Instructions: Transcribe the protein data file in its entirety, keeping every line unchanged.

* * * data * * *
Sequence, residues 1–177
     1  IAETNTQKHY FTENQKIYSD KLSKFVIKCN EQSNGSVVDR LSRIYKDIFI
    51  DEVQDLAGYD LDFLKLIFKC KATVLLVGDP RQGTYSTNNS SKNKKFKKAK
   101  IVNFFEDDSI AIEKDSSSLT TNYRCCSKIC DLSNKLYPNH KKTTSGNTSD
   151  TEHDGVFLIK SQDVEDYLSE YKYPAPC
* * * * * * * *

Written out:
Sequence, residues 1–177
     1  IAETNTQKHY FTENQKIYSD KLSKFVIKCN EQSNGSVVDR LSRIYKDIFI
    51  DEVQDLAGYD LDFLKLIFKC KATVLLVGDP RQGTYSTNNS SKNKKFKKAK
   101  IVNFFEDDSI AIEKDSSSLT TNYRCCSKIC DLSNKLYPNH KKTTSGNTSD
   151  TEHDGVFLIK SQDVEDYLSE YKYPAPC